Just as for Moses’s original audience, this ruled out consuming creatures which were already dead when a person came upon them (Lev 22:8; Deut 14:21; Ezek 44:31). Otherwise—in this covenant with Noah—God did not clearly differentiate between clean and unclean animals.[13]

However, the Lord commanded Noah to take seven pairs of every clean animal and bird onto the ark.

That Noah sacrificed them indicates he knew the difference between the two categories. Given the mention of clean animals elsewhere in the flood account, God may have restricted people to eating clean animals (Gen 7:2–3; Gen 8:20).[14]

In the ancient world, people rarely ate meat unless an animal died or they sacrificed it. Most people who kept domesticated animals used them for their milk and their hair or wool.[15]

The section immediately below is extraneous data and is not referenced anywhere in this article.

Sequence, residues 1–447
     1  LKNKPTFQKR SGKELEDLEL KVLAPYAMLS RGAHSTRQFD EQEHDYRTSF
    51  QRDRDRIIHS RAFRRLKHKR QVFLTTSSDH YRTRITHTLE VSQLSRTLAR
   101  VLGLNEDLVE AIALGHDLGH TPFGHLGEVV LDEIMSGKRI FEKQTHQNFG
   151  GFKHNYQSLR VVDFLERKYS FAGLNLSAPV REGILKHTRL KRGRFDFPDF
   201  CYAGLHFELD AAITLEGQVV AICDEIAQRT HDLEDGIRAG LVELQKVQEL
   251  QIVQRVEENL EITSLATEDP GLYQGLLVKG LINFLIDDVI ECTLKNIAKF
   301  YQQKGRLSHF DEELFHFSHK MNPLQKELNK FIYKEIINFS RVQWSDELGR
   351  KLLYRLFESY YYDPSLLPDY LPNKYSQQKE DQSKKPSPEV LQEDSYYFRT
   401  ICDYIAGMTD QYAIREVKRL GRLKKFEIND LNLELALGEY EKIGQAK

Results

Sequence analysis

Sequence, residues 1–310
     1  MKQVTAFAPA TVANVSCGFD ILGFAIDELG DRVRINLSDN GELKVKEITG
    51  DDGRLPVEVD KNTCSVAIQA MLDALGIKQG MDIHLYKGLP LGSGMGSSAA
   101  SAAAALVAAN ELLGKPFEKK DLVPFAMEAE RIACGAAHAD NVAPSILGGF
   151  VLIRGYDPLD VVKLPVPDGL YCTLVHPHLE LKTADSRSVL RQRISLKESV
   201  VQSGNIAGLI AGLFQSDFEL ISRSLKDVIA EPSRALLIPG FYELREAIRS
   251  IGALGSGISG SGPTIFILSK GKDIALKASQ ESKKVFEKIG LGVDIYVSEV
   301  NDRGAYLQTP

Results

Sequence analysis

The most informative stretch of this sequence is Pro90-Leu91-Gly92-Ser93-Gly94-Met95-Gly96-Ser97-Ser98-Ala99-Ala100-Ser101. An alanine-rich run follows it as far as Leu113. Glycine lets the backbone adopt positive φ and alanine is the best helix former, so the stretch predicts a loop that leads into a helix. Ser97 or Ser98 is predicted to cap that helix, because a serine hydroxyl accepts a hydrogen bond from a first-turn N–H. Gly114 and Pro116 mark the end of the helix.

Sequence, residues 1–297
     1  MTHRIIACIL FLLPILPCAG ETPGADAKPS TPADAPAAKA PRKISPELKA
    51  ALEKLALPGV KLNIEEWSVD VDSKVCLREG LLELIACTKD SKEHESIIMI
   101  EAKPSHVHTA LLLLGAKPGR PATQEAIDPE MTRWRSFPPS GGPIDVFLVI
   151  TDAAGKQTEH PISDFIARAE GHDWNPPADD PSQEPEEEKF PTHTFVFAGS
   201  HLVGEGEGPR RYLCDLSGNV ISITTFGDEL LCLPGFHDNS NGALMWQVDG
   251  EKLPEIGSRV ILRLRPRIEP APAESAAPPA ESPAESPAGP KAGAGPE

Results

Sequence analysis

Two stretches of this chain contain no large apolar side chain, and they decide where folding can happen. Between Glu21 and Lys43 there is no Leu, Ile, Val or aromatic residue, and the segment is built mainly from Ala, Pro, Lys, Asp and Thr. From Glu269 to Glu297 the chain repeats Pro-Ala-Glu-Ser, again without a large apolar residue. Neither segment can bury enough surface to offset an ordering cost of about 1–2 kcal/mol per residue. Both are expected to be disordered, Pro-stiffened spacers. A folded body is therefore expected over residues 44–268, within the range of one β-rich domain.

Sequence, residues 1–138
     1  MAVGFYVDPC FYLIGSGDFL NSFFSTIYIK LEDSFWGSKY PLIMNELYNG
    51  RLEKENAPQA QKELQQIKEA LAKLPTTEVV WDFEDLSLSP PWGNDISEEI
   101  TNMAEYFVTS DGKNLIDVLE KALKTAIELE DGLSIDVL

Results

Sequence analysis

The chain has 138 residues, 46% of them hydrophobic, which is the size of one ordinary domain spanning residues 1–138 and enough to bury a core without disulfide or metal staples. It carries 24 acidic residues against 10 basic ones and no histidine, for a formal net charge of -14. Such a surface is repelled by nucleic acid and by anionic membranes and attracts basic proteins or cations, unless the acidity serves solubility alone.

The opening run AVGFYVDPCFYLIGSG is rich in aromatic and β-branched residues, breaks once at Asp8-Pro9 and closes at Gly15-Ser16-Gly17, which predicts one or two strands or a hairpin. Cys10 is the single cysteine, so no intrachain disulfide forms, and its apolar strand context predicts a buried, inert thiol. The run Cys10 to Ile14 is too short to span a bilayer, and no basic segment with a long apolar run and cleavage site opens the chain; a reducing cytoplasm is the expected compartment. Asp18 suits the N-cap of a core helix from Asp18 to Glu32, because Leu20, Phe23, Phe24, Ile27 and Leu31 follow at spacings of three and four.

God continued, “But flesh with its life, [that is] its blood, you shall not (lo) eat.”

In Hebrew grammar, two kinds of prohibitions exist. The one used here is the strongest form. It has the nuance of “Thou shalt not!” as in the Ten Commandments (Exod 20:1–17). On this matter, the Lord expected strict obedience.[16]

Adam could eat from any tree in the garden but one (Gen 2:16–17). Likewise, here the Lord gave Noah and his descendants one overt prohibition.[17] He would not permit consuming flesh with its blood.

While remedies existed for eating an unclean animal, God would “cut off” (karath) those who ate blood.[18]

In the Old Testament, God equated blood with life (Lev 17:10–16; Deut 12:23–25).[19] He viewed eating blood as equivalent to murder and treachery (Lev 17:1–4; 1 Sam 14:31–34).[20]

Even today, people often take a pulse to determine whether life remains.[21]